Let's have Christmas generosity year-round
Last month we had our Christmas program at church. As part of it some animal character0s are discussing what they have given the baby Jesus as a gift. It is not a new theme. There have been songs and plays before on the same theme.
First and foremost, Christmas is about what God has given us in Christ Jesus. But plays and songs on this theme invite us to consider what we might give in response for what God gave us at Christmas.
I started thinking that we could write a similar play for every season of the church year. Epiphany is easy. Despite the old joke that if it had been Wise Women instead of Wise Men, the Magi would have brought practical gifts, Epiphany invites us into extravagance. God gives us extravagantly when God created the stars of night and the light of day. We give back extravagantly just like the Wise Men did.
And Lent is a time of giving. Often it is a time of giving up as a way of noticing what we have and that God meets our needs. Often it is also a time when people traditionally increased their thank offerings with coin cards. Inflation may have made them obsolete, but a time of increased giving to mark a penitential season is not a bad idea. Not because we can pay for our sins, but exactly because we can't, and the little bit we can give only serves to underscore that fact and lead us through lent to the cross.
The Three Days of Easter are hard to separate. Maundy Thursday, Good Friday, Easter Vigil and Easter together remind us of just how much we have been given and invite us more deeply into a life of giving, a life of thanksgiving.
Pentecost brings us a new gift of the Holy Spirit. There should be plays about that, and what would be a proper gift in response to God's promise to be with us always and to empower us. And the Season of Pentecost and the growth of the church reminds us that it is God's gifts that grow a church, and that with God's power our gifts to the church can support the ministry His name.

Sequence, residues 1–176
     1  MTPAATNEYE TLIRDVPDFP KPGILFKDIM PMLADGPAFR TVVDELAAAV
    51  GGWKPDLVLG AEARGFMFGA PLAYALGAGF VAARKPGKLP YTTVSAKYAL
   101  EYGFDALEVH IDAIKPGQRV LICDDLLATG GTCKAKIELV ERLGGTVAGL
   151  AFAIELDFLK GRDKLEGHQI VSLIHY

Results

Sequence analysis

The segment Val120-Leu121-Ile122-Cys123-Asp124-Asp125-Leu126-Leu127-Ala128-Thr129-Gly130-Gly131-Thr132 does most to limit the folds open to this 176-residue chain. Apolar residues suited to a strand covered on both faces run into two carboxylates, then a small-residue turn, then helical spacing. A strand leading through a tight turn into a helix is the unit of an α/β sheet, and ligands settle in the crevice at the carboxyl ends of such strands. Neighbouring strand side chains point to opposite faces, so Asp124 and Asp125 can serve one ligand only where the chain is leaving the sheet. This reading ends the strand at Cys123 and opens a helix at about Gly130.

The Pentecost season ends with Christ the King Sunday, which reminds us that our gifts to God are and should be gifts fit for the King.
Throughout the year and throughout the ages God has not stopped giving generously to us. When we are immersed in that knowledge day after day we learn how to give because it becomes a part of the air that we breathe.
The season of Christmas has gone by, but I pray that the joy of giving we experience at Christmas will stay for all the seasons.
Copyright © 2007, The Rev. Dana Reardon. All rights reserved. Used by permission. Email her at
The Rev. Dana Reardon is pastor at St. Paul Evangelical Lutheran
Church, Warwick, RI. A lifelong Lutheran, she came to ordained ministry
after 21 years in nursing, mostly in pediatric intensive care. She
graduated from Lutheran Theological Seminary at Philadelphia in 1998 and served
4 ½ years in Upstate New York before becoming a New Englander. She is
still trying to understand the accent. While in the Upstate New York Synod
she chaired the Stewardship Team. That began her fascination with what
makes stewards -- and more, what makes for generosity. She has three amazing
daughters: Pastor Reardon says much of what she knows of life she learned from